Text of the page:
So, what type of therapist should you choose? Ph.D., Psy.D., M.D., Social Worker, Mental Health Counselor? What type of therapy? CBT? DBT? Psychodynamic? Short-term or long-term? Couples therapy? Family therapy? Should you combine therapy with medication? Are you looking for focused symptom reduction, understanding recurrent underlying patterns, dealing with relationship issues, or something else?
Lots of choices. Lots of different approaches. It can be overwhelming. Some therapists only work in one modality or approach. They believe that their sole modality or approach is best for any problem.
I don't believe that "one size fits all."
As an integrative NYC psychologist, I work across the development lifespan with different types of therapies, approaches, and modalities.
Why an integrative approach?
It is due to my experience prior to becoming a therapist. In 1996, as a fully-funded, year-long Raoul Wallenberg Scholar at The Hebrew University of Jerusalem, I also interned at human rights organizations in Jerusalem, Israel and at a mental health center in Bethlehem, Palestinian Territories. I was fortunate to move between different cultures, religions, languages, and across borders.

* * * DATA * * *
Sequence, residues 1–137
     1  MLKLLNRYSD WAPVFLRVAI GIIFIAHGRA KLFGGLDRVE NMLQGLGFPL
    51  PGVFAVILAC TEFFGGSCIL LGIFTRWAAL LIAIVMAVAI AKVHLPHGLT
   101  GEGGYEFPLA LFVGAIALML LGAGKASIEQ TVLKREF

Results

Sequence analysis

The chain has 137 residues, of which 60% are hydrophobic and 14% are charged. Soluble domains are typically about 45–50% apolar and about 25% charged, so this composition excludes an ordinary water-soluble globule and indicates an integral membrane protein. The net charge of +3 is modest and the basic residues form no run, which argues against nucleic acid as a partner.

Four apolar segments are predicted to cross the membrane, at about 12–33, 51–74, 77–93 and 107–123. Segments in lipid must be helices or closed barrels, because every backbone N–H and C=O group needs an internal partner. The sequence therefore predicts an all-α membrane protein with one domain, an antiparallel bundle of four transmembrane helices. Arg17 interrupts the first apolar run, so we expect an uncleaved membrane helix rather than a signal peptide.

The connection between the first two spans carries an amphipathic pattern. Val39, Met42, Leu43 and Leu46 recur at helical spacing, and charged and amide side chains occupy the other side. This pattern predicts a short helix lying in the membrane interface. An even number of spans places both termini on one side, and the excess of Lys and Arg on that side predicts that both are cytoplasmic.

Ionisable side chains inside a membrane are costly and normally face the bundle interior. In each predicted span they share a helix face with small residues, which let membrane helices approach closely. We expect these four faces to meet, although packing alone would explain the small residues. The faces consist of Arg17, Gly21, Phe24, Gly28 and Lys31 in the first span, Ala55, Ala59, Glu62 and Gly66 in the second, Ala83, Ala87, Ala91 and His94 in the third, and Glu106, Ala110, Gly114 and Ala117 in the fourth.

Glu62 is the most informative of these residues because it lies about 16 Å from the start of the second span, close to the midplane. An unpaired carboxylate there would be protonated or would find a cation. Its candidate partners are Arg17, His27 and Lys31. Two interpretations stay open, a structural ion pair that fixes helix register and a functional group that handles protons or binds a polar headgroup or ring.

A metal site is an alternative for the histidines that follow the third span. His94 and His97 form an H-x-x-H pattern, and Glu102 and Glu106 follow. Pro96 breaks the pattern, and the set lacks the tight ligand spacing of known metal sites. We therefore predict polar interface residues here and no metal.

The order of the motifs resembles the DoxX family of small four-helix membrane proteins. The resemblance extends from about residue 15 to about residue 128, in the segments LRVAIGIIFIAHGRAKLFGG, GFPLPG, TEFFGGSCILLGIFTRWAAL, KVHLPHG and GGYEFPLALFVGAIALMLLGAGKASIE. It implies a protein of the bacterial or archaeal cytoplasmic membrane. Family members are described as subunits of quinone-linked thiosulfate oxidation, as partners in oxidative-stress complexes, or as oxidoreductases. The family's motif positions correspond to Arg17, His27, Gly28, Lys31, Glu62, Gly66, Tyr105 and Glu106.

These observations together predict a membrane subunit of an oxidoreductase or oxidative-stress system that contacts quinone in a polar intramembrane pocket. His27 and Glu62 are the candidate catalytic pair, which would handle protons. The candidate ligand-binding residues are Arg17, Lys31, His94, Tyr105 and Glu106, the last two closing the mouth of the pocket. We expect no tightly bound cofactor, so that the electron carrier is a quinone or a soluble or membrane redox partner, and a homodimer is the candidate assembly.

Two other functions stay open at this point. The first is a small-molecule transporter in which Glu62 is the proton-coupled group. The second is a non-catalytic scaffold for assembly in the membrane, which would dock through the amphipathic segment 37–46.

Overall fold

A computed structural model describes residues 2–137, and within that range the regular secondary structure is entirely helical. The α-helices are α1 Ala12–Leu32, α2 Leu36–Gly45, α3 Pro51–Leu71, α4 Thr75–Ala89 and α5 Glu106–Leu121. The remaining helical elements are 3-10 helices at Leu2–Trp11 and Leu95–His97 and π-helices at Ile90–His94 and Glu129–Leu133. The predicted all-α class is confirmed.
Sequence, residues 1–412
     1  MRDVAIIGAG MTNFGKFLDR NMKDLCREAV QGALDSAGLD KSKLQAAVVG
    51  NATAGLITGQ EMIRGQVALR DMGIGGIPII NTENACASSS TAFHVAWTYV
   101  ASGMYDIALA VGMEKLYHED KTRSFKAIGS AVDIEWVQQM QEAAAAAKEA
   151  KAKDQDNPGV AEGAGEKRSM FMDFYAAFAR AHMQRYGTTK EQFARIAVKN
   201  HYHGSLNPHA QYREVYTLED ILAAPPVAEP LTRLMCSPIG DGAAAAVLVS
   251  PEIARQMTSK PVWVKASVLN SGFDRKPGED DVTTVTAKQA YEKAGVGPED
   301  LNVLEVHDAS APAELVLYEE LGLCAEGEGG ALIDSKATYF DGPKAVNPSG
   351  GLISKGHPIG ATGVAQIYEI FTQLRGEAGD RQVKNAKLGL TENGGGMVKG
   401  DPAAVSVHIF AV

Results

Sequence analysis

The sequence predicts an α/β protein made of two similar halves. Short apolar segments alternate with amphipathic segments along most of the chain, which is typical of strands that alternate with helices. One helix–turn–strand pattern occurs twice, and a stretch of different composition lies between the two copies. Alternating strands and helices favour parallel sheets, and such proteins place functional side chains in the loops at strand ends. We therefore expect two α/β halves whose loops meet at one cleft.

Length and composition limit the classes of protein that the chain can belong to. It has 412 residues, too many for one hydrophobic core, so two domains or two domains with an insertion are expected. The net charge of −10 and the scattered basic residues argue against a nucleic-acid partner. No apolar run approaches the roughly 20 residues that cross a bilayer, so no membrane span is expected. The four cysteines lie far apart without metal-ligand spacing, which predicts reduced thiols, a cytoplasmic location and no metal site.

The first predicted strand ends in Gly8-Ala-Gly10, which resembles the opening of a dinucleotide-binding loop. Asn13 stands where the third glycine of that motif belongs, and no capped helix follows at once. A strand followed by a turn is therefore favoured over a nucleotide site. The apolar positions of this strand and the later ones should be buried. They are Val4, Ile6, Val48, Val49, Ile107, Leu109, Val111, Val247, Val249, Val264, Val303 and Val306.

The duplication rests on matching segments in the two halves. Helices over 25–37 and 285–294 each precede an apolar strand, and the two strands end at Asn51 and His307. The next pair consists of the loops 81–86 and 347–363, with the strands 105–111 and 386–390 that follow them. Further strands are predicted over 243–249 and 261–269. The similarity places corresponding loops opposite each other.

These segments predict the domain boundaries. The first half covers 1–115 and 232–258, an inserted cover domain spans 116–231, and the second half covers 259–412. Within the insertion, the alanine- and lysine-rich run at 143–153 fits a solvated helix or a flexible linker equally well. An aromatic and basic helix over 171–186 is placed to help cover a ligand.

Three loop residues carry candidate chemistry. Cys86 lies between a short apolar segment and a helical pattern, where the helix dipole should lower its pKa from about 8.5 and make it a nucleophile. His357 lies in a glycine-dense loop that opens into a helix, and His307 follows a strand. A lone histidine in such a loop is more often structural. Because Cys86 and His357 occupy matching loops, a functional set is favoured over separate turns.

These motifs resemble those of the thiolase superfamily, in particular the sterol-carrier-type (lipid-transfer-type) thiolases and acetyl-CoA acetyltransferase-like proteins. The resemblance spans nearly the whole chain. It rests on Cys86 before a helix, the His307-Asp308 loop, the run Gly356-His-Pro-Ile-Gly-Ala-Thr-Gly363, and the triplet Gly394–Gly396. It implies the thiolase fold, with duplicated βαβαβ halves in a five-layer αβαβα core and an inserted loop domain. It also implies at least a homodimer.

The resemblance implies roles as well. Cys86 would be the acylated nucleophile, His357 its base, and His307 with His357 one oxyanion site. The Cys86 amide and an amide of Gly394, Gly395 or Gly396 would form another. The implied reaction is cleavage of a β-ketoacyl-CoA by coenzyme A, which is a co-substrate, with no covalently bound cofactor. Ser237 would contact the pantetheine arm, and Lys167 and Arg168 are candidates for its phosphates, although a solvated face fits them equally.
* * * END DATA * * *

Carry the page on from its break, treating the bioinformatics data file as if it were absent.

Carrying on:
That experience in human rights and mental health in the Middle East began my journey, often at great personal risk, to explore the impact of conflict on families and individuals around the world. Whether I was in Belfast (Northern Ireland), Chiapas (Mexico), Aydohya (India), Diyarbakir (Southeastern Turkey), or Georgetown (Guyana), it was similar. Whether the conflict was ethnic, religious, racial, political, indigenous, economic, it was similar.
Often, members of each side in the conflict felt that they had a monopoly on the truth. Often, members of each side thought that they, and only they, were "right."